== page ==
I Read 2 John in 5 Minutes. Here’s 3 Takeaways.

I read 2 John this morning. It was pretty easy. I mean, it’s only 13 verses, five of them are greetings and goodbyes.

But while I read it, I came across three things that challenged me today, that inspired me and made me think.

“Some of your children walking in the truth”

First of all, the whole “walking in” phrase related to Christianity is an under-evaluated piece of Christianese. That’s for another post, I think.

Secondly, what a great thing for this to be said of the “elect lady” that is the recipient of this letter! Of course, as I look this up and do a bit of research, and apparently some say the “elect lady” is symbolic of the church. But the whole text doesn’t bear that out.

Anyway, for a mother in the church to be singled out by an apostle of Jesus for the faithful obedience of her children, that’s huge. I love two things about this.

First, there’s John’s encouragement. He takes the time to compliment this mother by acknowledging her children as being obedient to the commands of God. It’s a slight call for all of us in the church to be more adamant about encouraging our brothers and sisters in Christ.

Second: Isn’t that what we all want for our kids? I don’t have kids yet, but when I read that this morning, I was so challenged. I want my kids to be “walking in the truth.” I want my kids to be following Jesus so closely that everything they do is shaped by what God has called us to.

Loving others = following God’s commands

Loving others, John writes, means following God’s commands. Verse 6 says:

And this is love, that we walk according to his commandments; this is the commandment, just as you have heard from the beginning, so that you should walk in it.

2 John 6

Loving others means, among other things: telling the truth and not lying, providing hospitality, listening to other’s issues, praying for others in need. It means we do that for anyone and everyone, and that is the sign we are believers in Jesus. That is the sign of love.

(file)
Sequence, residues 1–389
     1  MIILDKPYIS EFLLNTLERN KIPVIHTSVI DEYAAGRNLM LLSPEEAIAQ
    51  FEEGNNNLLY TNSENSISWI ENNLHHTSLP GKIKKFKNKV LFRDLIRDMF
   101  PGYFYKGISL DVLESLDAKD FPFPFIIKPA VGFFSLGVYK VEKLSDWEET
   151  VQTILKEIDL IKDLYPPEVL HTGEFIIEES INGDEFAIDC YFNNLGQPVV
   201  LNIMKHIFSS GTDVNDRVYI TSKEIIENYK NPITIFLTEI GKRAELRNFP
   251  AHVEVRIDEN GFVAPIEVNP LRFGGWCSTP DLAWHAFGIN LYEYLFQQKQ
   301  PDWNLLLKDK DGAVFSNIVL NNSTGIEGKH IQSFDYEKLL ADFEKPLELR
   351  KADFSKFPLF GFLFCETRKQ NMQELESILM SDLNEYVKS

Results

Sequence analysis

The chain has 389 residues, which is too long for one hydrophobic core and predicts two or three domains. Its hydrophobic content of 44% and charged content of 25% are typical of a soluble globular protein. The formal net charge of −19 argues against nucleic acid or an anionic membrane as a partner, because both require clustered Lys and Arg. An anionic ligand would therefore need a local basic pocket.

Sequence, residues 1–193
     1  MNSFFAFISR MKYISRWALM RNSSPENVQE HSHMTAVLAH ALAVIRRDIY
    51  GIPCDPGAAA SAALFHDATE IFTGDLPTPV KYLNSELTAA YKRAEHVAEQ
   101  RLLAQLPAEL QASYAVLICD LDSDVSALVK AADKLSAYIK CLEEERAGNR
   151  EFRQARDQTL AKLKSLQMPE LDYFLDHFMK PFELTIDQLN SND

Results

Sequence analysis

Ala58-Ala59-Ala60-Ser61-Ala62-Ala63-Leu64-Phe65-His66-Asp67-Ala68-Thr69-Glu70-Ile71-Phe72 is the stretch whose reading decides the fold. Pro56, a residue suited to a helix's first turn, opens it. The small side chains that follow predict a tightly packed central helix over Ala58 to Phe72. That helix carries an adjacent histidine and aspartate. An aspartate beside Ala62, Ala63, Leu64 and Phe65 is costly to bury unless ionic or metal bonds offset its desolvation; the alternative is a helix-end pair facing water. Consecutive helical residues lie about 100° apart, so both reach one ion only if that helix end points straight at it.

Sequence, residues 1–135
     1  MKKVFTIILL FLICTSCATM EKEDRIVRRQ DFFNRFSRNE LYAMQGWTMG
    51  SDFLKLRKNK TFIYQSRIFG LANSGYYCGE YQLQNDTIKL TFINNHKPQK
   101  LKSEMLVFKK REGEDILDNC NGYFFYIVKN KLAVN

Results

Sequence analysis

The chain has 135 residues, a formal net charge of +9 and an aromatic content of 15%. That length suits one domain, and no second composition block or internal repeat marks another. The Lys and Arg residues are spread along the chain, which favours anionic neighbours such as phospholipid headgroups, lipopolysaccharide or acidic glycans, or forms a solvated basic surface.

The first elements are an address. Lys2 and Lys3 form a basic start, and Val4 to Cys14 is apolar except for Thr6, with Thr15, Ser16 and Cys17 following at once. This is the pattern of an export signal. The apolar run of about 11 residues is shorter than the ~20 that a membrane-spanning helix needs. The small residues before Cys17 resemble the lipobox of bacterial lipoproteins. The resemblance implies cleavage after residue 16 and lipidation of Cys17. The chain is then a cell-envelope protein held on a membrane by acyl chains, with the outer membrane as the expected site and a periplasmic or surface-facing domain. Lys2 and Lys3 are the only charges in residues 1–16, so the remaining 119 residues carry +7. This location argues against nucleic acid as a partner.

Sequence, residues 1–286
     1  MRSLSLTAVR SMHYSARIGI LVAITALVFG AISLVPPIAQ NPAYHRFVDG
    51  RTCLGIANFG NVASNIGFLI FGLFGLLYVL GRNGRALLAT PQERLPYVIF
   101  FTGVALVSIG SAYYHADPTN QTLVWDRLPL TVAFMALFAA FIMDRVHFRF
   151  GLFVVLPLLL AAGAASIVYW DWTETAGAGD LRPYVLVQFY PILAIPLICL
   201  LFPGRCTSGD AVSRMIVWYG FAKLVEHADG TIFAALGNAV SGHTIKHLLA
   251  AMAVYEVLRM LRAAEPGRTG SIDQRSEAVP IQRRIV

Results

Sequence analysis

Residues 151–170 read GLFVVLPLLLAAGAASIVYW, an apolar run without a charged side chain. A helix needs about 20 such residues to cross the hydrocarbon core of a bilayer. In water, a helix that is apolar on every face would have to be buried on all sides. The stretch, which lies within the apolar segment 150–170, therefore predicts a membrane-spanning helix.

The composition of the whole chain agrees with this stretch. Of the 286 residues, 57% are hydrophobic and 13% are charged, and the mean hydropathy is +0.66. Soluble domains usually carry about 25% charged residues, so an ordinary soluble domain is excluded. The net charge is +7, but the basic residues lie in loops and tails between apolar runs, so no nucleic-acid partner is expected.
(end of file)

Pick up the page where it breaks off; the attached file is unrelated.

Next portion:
And, as John writes later, “whoever abides in the teaching has both the Father and the Son” (v. 9b). That’s what I want.

Be careful when interacting with false teachers

The epistles and the book of Acts in particular records many instances of people twisting the message of Jesus to suit their desires, whether it be financial or popularity. In 2 John, the author warns the elect lady about those false teachers:

If anyone comes to you and does not bring this teaching, do not receive him into your house or give him any greetings, for whoever greets him takes part in his wicked words.

2 John 10-11

I struggled with this one for a bit because it seems kind of heartless. My immediate takeaway is this: “Don’t greet or have any kind of hospitable interaction with people who preach a false gospel, because those kind of interactions signal agreement.”

I think this interpretation is a practical outworking of the common thought that goes something like this: If you don’t actively oppose, in word or deed, something or someone bad, you are implicitly endorsing it.

I think that’s simplifying it a little bit. I think there are a lot of things I’m against, but I don’t have the time and resources to dedicate to all of them. Not being active in it by using a hashtag or attending a rally doesn’t mean you don’t care. It just means you have better things to do.

Not that that’s always true per se, but I think it’s important we make that distinction.

A side note: I’m not just talking about the “social justice warrior” crowd here who say that. I’m talking also about the “evangelicals” who participate in it as well.

Anyway, I hope John’s intent here was to be hospitable to people and to be kind, but not to endorse false teaching or wish well those who preach that on their preaching. I don’t know if it was his intent, but I hope that was it.

If it was, that’s awesome. We should be hospitable to and welcoming of those with whom we disagree. We should be kind. We should be loving. But loving doesn’t mean endorsing something we believe is wrong or wishing someone well on their mission.

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